21. One of the critical areas where the role of Directors is very significant is in ensuring the integrity of financial statements published by the bank. We have come across instances where so called smart accounting methods were adopted to artificially boost the financial performance of the bank.

22. During the course of our supervisory process, certain instances of using innovative ways to conceal the real status of stressed loans have also come to our notice. To mention a few, such methods include bringing two lenders together to evergreen each other’s loans by sale and buyback of loans or debt instruments; good borrowers being persuaded to enter into structured deals with a stressed borrower to conceal the stress; use of Internal or Office accounts to adjust borrower's repayment obligations; renewal of loans or disbursement of new / additional loans to the stressed borrower or related entities closer to the repayment date of the earlier loans; and similar other methods. We have also come across a few examples where one method of evergreening, after being pointed out by the regulator, was replaced by another method. Such practices beg the question as to whose interest such smart methods serve. I have mentioned these instances to sensitise all of you to keep a watch on such practices.

23. The Board of Directors, especially the Audit Committee of the Board (ACB), should bestow close attention on the accounting policies followed by the banks and implement preventive controls to preclude smart or aggressive accounting practices. The Board or the ACB should engage with the Statutory Central Auditors of the bank to ensure that their financial reporting is transparent and prudent.

X. Independence of Assurance Functions; risk management, compliance and internal audit

24. Under the ‘three lines of defence’ model, Management and business functions form the first line while risk management and compliance form the second line. Internal Audit forms the third line of defence. The assurance functions – risk management, compliance and internal audit – collectively assist the Board as well as the management to gauge whether the business operations of the bank are being run in conformity with the policies and strategies laid down by the Board. RBI has issued detailed guidelines for ensuring quality and independence of governance and assurance functions. The Board as well as the Risk and Audit committees of the Board should ensure that risk management, compliance and internal audit functions have adequate independence and stature within the organisation to function effectively.

25. It is important that the Assurance functionaries have a right of direct access to the Board of Directors or its committees. Moreover, the assurance functionaries should have the independence to constructively challenge the business functions for establishing a strong compliance and risk culture. The assurance functions should also be at the same pedestal as the business functions. The Reserve Bank has issued detailed guidelines in this regard for ensuring quality and independence of the assurance functions. Banks may also subject their assurance functions for independent external evaluation, so that there is an added layer of confidence to all the stakeholders.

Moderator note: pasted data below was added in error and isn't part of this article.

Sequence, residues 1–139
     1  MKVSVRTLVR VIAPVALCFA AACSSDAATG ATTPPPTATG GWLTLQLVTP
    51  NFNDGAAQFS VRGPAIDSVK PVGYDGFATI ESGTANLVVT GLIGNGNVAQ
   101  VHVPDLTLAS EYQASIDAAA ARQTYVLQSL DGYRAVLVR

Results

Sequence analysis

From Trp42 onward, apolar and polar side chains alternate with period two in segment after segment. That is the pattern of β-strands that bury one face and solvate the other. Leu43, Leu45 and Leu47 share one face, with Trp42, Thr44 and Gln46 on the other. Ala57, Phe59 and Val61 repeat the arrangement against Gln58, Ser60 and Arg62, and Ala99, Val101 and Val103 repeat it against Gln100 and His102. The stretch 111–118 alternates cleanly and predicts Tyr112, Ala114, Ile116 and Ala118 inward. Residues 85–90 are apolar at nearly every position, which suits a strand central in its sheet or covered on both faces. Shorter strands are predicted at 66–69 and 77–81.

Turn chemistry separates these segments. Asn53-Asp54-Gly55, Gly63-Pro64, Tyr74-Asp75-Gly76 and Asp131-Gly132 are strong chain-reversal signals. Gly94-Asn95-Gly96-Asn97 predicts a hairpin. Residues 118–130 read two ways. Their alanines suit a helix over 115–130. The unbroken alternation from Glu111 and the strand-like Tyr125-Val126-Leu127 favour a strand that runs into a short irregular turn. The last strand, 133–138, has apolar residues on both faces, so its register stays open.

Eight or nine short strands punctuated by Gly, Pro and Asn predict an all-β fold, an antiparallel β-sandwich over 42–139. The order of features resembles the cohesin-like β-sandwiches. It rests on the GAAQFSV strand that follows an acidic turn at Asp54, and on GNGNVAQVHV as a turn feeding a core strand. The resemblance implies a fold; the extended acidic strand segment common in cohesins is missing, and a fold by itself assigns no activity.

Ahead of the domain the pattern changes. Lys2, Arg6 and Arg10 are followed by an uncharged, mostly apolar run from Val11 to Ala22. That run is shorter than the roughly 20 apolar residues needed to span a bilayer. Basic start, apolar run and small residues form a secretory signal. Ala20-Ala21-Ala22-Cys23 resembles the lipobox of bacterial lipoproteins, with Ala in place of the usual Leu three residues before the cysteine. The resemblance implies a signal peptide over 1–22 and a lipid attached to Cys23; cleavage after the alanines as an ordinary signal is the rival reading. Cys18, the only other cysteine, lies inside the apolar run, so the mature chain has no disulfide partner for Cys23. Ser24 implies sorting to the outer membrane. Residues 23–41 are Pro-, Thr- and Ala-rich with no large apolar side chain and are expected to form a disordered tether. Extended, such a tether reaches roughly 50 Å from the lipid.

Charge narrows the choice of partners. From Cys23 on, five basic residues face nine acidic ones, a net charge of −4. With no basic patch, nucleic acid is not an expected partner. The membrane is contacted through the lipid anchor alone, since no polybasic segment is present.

26. Let me now conclude. On behalf of the Reserve Bank, I have enumerated a 10-point charter in my address today. The safety and soundness of the banking system relies critically on effective corporate governance which helps to build an environment of trust, long-term stability and business integrity of banks. Governance frameworks can be pictured as a complex mesh of nuts and bolts holding the financial pillars of capital, assets, deposits and investments in place and keeping the structure of the bank upright. Raising financial resources would not be a constraint for banks with robust governance frameworks as they can command a governance premium. This premium in turn will be driven by quality of leadership at the top.

27. As a Regulator and Supervisor, the Reserve Bank has taken several measures to ensure sound corporate governance in banks. The Banks themselves have taken steps to face the recent headwinds and exhibited remarkable resilience. The leadership and governance in banks have played a vital role in the nation’s journey so far and we believe that together we can drive a growth which is sustainable and a financial system which is resilient, stable and inclusive.

Thank you.

1 Certain portions of the address are only for Private Sector Banks, as Public Sector Banks are also governed by provisions of Banking Companies (Acquisition and Transfer of Undertakings) Act, 1970, the Bank Nationalisation Act, 1980, and the State Bank of India Act, 1955 in such areas.

2 Guidelines for identifying and dealing with weak banks, July 2015, Basel Committee for Banking Supervision

3 Study on ‘Governance, Efficiency and Stability of Indian Banks’ as part of the Development Research Group Studies, Department of Economic Policy and Research, RBI

4 DBR No.BC.93/29.67.001/2014-15 dated May 14, 2015 and DBR No.BC.95/29.67.001/2014-15 dated May 28, 2015

5 Corporate Governance in Banks - Appointment of Directors and Constitution of Committees of the Board

6 The Corporate Governance of Banks, Jonathan R. Macey and Maureen O’Hara, FRBNY Economic Policy Review / April 2003